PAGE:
6. 6. were isolated from blood samples of different GBM patients at diag- nosis or, as control, of healthy donors. Patients’ NK cells (identified within the PBMC as CD3Ϫ , CD56ϩ cells) displayed a surface phe- notype similar to that of controls both in terms of percentages of positive cells and the surface densities of the molecules analyzed. These molecules included the NKp46, NKp30, DNAM-1, NKG2D- activating receptors, and the main HLA-class I-specific receptors (CD94/NKG2A and KIR2D) (supplemental Fig. 1).5 Patients’ NK cells were purified and cultured in the presence of IL-2 to obtain polyclonal activated NK cell populations. Also in this case, patients’ NK cells were characterized by a surface phenotype comparable to that of activated NK cells from healthy donors. In particular, NK cells from GBM patients expressed high levels of the various activating receptors, including the NKp44 activation marker (Fig. 3A). These IL-2-activated NK cells were then assessed for their cytolytic activity against autologous GBM cells and, as a control, against normal PHA- activated autologous T cell blasts. As shown in Fig. 3B, NK cells efficiently killed autologous GBM cells. Remarkably, even in an au- tologous setting, the magnitude of lysis was not modified by mAb- mediated masking of HLA class I molecules. In contrast, autologous T cell blasts were poorly susceptible to lysis and, as expected, in this case, lysis was increased by mAb-mediated disruption of inhibitory receptor/HLA class I interactions (Fig. 3B). Altogether these data show that GBM cells can be highly sus- ceptible to lysis mediated not only by allogeneic, but also by au- tologous IL-2-activated NK cells. Expression of ligands specific for NK receptors on stem cell-cultured GBM cells The above data show that stem cell-cultured GBM cells are highly susceptible to NK-mediated lysis. Moreover, HLA class I mole- cules did not appear to exert a protective effect in both allogeneic and autologous combinations. To better define the molecular mechanisms involved in NK to GBM cell interactions, we ana- lyzed the expression of ligands recognized by the inhibitory (HLA class I-specific) or activating NK receptors. Fig. 4A and Table II show that the surface density of HLA class I molecules in GBM cells was low (see for comparison the autologous T cell blasts). In contrast, all GBM cells expressed PVR and Nectin-2 (ligands of the DNAM-1-activating receptor). Moreover, low, but detectable amounts of at least one NKG2D-specific ligand could be detected (Fig. 4A and Table II). It is of note that the ICAM family of ad- hesion molecules was virtually absent, with the exception of ICAM-1 that was expressed by some GBM (see, for example, cells from patient 4). Unlike GBM cells, T cell blasts together with high HLA class I surface densities expressed low surface densities of PVR only, and the ligands recognized by NKG2D with the excep- tion of ULBP3 molecules were virtually absent. The expression of the various surface molecules described above was stable over time because the same phenotype could be detected after short- or long-term culture of GBM cells. These data suggested that the expression of PVR and Nectin-2 could represent a common feature of GBM with stem cell prop- erties. To confirm this hypothesis, we analyzed whether their ex- pression patterns correlated with that of SOX2 and Nestin. To this end, GBM cell cultures were costained with Abs specific for the5 The online version of this article contains supplemental material. FIGURE 2. Susceptibility of stem cell-cultured GBM cells to lysis medi- ated by lymphokine-activated allogeneic NK cells. A, A representative experiment is shown in which a polyclonal, IL-2-ac- tivated NK cell population derived from an healthy donor was analyzed at differ- ent E:T ratios for cytolytic activity against stem cell-cultured GBM cells from patients 1–4 (PT1-PT4). Assays were performed either in the absence (E) or in the presence of the A6-136 mAb (IgM, anti-HLA class I) (F). B, Freshly isolated (resting), short-term (IL-15)-, or long-term (IL-2)-activated NK cells de- rived from a representative healthy do- nor and the NKL NK cell line were an- alyzed at different E:T ratios for cytolytic activity against stem cell-cultured GBM cells from patient 1 and the K562 cell line. The results are representative of triplicate experiments; the SD of the mean of the triplicates was Ͻ5%. 3534 NK-MEDIATED RECOGNITION OF STEM CELL-LIKE HUMAN GLIOBLASTOMA onDecember1,2010www.jimmunol.orgDownloadedfrom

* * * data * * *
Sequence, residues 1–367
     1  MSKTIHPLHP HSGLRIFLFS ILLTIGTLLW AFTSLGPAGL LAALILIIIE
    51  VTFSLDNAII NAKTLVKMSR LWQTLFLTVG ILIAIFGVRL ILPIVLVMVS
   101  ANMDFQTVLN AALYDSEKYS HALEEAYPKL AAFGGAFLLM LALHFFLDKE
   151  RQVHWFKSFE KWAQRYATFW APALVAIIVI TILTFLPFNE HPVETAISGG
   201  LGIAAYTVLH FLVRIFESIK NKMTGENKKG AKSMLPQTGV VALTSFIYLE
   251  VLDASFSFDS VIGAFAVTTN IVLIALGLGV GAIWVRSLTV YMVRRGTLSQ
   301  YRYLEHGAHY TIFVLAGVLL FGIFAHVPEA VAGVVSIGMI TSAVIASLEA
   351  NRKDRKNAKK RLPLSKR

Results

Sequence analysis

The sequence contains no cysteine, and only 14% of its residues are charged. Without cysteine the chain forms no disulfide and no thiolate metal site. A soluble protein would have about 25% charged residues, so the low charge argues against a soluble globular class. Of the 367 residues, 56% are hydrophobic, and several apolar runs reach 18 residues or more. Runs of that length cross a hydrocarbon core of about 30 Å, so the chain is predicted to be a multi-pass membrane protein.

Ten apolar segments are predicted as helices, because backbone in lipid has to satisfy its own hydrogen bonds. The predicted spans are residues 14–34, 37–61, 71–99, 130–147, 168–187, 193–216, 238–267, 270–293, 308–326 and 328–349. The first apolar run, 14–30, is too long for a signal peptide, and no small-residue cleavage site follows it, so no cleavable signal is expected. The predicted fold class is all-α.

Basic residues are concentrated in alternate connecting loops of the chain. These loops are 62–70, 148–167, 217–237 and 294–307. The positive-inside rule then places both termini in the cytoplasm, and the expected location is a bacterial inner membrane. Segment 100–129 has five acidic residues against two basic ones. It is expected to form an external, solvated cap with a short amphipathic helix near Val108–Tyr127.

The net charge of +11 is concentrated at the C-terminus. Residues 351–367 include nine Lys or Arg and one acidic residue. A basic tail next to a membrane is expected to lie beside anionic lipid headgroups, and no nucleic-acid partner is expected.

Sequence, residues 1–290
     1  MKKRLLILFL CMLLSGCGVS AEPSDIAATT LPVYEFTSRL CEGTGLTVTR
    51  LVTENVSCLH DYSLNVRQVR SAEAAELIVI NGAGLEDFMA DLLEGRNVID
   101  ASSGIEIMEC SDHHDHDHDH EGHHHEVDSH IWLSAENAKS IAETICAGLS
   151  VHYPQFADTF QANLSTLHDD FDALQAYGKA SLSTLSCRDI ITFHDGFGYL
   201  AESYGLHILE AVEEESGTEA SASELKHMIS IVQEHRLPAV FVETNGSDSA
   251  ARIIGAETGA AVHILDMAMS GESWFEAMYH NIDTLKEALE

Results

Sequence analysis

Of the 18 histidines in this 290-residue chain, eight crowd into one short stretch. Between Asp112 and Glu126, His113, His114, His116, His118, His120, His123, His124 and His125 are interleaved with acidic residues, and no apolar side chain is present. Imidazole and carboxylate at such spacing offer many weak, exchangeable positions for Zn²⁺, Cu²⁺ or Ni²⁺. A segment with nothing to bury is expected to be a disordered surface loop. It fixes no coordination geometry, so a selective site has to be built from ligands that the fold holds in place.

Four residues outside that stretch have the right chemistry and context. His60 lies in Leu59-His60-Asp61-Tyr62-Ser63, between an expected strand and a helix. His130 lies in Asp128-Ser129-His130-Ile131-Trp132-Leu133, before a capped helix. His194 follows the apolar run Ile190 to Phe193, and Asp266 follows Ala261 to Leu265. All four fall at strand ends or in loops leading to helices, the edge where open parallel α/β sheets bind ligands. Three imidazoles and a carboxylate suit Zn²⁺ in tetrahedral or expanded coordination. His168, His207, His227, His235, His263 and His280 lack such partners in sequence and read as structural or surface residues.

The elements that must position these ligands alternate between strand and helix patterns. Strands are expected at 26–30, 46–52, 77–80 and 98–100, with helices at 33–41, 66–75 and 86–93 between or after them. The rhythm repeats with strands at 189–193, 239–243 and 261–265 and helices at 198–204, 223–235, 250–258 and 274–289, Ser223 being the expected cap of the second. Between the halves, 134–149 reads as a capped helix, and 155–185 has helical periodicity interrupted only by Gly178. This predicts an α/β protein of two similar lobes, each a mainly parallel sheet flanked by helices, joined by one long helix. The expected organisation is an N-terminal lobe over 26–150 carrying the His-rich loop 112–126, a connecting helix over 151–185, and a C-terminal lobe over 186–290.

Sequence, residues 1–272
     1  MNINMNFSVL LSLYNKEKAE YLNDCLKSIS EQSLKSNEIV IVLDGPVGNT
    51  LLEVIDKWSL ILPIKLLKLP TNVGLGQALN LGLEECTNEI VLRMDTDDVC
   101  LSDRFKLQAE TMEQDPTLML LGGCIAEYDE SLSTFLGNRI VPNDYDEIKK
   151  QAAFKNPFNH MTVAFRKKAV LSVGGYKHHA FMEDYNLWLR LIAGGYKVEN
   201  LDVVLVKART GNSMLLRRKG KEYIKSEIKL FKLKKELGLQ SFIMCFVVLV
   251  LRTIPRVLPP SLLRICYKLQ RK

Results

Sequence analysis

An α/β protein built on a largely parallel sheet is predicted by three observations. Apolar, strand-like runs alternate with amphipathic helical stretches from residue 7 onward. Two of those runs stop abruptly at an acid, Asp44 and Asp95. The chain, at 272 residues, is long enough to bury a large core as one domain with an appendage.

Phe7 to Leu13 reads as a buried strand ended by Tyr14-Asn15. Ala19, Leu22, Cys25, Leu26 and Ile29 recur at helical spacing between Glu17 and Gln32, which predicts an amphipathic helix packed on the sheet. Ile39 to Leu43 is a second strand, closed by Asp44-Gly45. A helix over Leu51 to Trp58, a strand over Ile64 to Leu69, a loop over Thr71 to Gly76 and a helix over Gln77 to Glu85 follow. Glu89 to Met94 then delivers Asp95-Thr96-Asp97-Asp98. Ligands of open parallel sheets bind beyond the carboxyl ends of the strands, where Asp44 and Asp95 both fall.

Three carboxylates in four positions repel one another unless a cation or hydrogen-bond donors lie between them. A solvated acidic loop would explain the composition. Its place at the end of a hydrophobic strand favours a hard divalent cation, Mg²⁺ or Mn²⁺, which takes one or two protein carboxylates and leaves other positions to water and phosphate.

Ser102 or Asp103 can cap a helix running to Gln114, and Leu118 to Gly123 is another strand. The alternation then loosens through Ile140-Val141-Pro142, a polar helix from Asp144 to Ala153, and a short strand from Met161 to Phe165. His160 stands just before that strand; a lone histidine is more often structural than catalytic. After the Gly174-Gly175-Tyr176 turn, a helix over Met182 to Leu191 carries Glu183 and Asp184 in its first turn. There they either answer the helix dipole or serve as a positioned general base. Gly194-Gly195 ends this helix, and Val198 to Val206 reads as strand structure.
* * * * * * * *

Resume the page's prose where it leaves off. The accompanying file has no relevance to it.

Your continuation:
7. 7. ligands of DNAM-1 and the NCS markers. GBM cells were ana- lyzed either by microscope fluorescence (for the SOX2 nuclear marker) or by cytofluorimetric analysis (for the Nestin cytoplasmic marker). As shown in Fig. 4, B and C, most SOX2-positive, Nes- tin-positive cells coexpressed PVR and Nectin-2. Receptor-ligand interactions involved in NK-mediated recognition of stem cell-cultured GBM cells Overall, these data suggested that the triggering signals generated upon NK-mediated recognition of stem cell-cultured GBM cells can overcome the inhibitory signals generated by suppressive interactions between inhibitory NK receptors and HLA class I molecules. The opposite would occur in the case of interactions between NK and T cell blasts. In line with these concepts, mAb- mediated blocking of HLA class I molecules increased the NK- mediated lysis of T cell blasts, but not of GBM cells. To assess the contribution of different activating receptor/ligand interactions in NK-mediated lysis of GBM cells, cytotoxicity ex- periments were performed in the presence of mAbs specific for individual triggering receptors (Fig. 5). Among NCR, NKp46 appeared to play a crucial role in lysis of GBM cells. Indeed, in both autologous and allogeneic combinations, mAb-mediated masking of NKp46 sharply inhibited cytotoxicity. Moreover, in agreement with the expression of the ligands specific for DNAM-1 on target cells, DNAM-1 receptor substantially contributed to the lysis of GBM cells. Notably, the combined mAb-mediated block- ing of NKp46 and DNAM-1 receptors virtually abrogated tumor cell lysis. The addition of mAb specific for either NKp30 or NKG2D had marginal effect. However, the addition of NKp30- or NKG2D-specific mAbs had an additive effect on the inhibition of cytotoxicity mediated by anti-NKp46 or anti-DNAM-1 mAbs. The significant role played by NKp46 and DNAM-1 in killing of the GBM cells analyzed was confirmed by statistical analysis ( p Ͻ 0.001). The above data indicate that the susceptibility of GBM cells to NK-mediated lysis depends on the imbalance between in- hibitory and activating signals. Indeed, whereas GBM cells do not express protective amounts of HLA class I molecules, they display fairly high levels of multiple activating ligands capable of medi- ating interactions that collectively induce NK cytotoxicity. PVR and Nectin-2 expression in primary GBM As described above, the expression of DNAM-1 ligands was de- tected in all GBM cell cultures analyzed. To exclude the possibility that these molecules could be expressed de novo upon cell culture of ex vivo derived tumor cells, we checked for PVR and Nectin-2 expression on eight primary GBM. Immunohistochemical analysis (Fig. 6A) revealed that tumor cells expressed both molecules. PVR (left) showed a weaker staining with either a focal (two samples) or a diffuse pattern of expression (six samples). Nectin-2 (right) showed a stronger staining in the GBM cells with a predominant focal pattern of expression (five out of eight cases). Interestingly, both ligands and in particular PVR were intensely expressed also by endothelial cells of intratumoral neoplastic vessels from all GBM samples analyzed, particularly in the proliferating vessels, a feature indicating tumor malignancy. FIGURE 3. Susceptibility of stem cell-cultured GBM cells to lysis medi- ated by autologous IL-2-activated NK cells. A, Long-term (IL-2)-activated NK cell populations from patients 4 and 5 (PT4 and PT5) or from a representative healthy donor were stained with mAbs specific for the indicated molecules. A PE-conjugated goat anti-mouse isotype- specific mAb was used as second re- agent. White profiles refer to cells incu- bated with the second reagent only. B, The long-term (IL-2)-activated NK cell populations from patients 4 and 5 (PT4 and PT5) were analyzed at different E:T ratios for cytolytic activity against autol- ogous stem cell-cultured GBM cells or T cell blasts. Assays were performed either in the absence or in the presence of the A6-136 mAb (IgM, anti-HLA class I). The results are representative of tripli- cate experiments; the SD of the mean of the triplicates was Ͻ5%. 3535The Journal of Immunology onDecember1,2010www.jimmunol.orgDownloadedfrom